The Economic Policy of an Incoming Labour Government:
Some Thoughts (April 1996)


We are running the economy very well now. We have the most  successful enterprise economy in Western Europe’ Kenneth Clarke ‘Guardian’ 9 March 1996.

‘Jobs for life are disappearing in favour of part-time workers who can adapt to change, according to Waltham Cross employment  agency Victoria Lewis. . . Author William Bridges has coined the  phrase "flex-force" - a flexible work force whose size rises and falls  with the workload and skill requirements’ ‘Hertfordshire Mercury’ 5 April 1996.

On that same ‘Mercury’ page, came the report that "An amazing" 800 people have applied for the 130 jobs being created at the new Co-op supermarket in Hoddesdon due to open at the end of April. The recession that has decimated the communities of the North, Midlands, Scotland, Wales and Rural Britain has, inevitably, arrived here in London and the South-East: the heart-land of the artificial boom of the selfish Tory years.


I am a forty five-year old teacher, mechanistic organic chemist and writer. Through my recent reading and thinking, I have some thoughts on an incoming Labour Government’s economic strategy. The problem with laissez-faire, free-market capitalism is that its very volatility is of no benefit to any-one: capitalist or worker alike. Keynsian economics was little better, in terms of creating a sustainable future, because it demanded ever increasing short-term material consumption and because it persisted in capitalism’s main folly: it centralises capital and, therefore, power.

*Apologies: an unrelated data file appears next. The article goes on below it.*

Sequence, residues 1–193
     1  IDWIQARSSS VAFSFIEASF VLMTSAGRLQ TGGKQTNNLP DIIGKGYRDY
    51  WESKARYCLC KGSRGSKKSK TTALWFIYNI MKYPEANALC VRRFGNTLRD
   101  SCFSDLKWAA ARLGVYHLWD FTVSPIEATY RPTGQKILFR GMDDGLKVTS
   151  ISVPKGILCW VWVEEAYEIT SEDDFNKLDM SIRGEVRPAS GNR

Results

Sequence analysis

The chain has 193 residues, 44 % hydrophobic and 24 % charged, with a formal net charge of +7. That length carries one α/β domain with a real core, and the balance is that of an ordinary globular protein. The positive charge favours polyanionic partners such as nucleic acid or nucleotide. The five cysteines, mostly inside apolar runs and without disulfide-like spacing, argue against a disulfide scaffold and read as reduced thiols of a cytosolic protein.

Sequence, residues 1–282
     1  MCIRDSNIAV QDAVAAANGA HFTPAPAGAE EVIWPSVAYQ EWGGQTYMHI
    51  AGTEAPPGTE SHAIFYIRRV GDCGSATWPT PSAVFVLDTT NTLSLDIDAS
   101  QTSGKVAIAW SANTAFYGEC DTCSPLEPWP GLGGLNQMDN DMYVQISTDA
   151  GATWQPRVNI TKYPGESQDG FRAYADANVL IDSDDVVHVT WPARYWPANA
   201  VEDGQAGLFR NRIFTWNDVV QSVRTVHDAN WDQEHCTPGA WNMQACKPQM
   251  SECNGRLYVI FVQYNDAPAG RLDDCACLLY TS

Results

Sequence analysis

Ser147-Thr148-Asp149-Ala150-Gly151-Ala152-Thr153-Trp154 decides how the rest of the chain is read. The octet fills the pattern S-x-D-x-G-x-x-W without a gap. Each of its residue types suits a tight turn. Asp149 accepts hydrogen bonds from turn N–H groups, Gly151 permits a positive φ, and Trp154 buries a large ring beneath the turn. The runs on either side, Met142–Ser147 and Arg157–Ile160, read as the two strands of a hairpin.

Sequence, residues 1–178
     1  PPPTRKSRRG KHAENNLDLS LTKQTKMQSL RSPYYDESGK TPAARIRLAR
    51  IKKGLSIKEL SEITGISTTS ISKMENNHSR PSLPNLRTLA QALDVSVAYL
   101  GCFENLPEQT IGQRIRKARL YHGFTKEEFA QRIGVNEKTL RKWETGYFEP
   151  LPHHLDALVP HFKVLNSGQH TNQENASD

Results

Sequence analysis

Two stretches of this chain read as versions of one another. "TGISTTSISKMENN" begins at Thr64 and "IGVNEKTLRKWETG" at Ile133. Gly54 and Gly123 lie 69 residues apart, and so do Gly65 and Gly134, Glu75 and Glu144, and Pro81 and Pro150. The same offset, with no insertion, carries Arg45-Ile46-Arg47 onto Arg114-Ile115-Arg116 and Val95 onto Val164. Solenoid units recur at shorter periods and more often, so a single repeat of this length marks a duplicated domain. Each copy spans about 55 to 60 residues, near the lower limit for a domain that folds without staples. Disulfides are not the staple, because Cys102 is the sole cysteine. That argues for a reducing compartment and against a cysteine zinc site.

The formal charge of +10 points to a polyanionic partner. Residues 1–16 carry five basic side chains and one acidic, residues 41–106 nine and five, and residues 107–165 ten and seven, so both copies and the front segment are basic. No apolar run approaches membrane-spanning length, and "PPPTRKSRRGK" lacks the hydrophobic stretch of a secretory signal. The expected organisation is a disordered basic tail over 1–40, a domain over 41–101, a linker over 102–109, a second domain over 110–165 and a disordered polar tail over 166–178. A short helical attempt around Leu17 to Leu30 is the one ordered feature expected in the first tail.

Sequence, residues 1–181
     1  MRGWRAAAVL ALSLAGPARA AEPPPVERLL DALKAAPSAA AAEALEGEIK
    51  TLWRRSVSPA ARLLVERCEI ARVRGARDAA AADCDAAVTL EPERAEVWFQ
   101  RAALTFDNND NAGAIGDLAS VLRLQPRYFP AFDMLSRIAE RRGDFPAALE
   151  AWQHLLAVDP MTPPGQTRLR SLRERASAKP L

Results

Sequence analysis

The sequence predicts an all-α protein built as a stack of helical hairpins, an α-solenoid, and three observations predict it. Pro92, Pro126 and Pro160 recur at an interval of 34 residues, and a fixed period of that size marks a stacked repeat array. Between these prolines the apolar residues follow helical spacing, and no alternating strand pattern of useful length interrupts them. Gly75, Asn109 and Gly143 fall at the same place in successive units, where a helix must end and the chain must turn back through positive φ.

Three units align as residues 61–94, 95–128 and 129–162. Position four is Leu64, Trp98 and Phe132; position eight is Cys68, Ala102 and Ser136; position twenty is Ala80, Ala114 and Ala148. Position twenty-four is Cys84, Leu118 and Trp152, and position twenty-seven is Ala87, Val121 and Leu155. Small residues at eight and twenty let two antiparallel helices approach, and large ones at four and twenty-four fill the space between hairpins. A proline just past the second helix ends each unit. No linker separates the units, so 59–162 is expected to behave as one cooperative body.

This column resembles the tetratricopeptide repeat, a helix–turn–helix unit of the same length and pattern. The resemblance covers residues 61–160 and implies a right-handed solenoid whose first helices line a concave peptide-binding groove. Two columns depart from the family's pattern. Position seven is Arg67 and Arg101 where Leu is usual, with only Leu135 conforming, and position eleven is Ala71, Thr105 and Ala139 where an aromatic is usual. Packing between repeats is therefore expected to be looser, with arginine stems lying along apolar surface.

(We shouldn’t forget that money is a representation of energy and, as such, wild, uncontrolled swirls of energy don’t do any-one any good: a hurricane will rip the roof off a rich man’s house every bit as successfully as that of a poor man!) The key, therefore, is to decentralise money, to put some viscosity into its movement, to give ready access to it to people who will use it for sustainable activities and then to re-circulate the wealth thus created. Given that strategy, how about these for tactics?

o Reintroduce international exchange controls;
o Abolish usury;
o Organise competitive activities as worker-operated co-operatives and monopoly activities as consumer co-operatives;
o Redistribute "added-value" from workers’ co-opS through nationally collected corporate taxation, distributed into local, democratically-managed community investment banks and thus available for both new wealth creation and community development;
o Make capital grants (not loans) to developing countries;
o Abolish personal taxation and introduce wage maxima and minima;
o Maximise necessary service provision on a free-at-the-point-of-use basis, retaining (initially?) money as a mechanism for access to discretionary purchases.


These thoughts are a personal starting point. I hope they form a good basis for practical, co-operative democratic socialism.

Dr John Courtneidge: April 1996